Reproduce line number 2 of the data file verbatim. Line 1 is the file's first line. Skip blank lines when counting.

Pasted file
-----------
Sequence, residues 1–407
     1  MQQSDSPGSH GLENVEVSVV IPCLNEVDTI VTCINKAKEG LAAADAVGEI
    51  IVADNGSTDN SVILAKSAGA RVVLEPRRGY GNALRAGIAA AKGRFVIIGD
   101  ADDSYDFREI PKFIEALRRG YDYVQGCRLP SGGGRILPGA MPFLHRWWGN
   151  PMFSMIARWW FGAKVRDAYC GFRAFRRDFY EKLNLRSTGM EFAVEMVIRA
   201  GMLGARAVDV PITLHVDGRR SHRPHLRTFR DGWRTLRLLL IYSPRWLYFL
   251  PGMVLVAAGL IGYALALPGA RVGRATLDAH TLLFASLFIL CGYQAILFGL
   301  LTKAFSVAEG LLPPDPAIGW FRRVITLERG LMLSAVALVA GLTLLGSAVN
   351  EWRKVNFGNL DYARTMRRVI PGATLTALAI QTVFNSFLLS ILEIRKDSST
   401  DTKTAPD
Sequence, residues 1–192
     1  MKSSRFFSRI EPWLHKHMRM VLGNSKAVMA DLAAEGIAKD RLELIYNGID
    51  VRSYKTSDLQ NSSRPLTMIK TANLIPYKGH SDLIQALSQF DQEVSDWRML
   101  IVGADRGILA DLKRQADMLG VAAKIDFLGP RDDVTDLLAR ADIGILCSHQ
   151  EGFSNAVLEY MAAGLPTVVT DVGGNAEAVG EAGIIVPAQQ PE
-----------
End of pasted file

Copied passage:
     1  MQQSDSPGSH GLENVEVSVV IPCLNEVDTI VTCINKAKEG LAAADAVGEI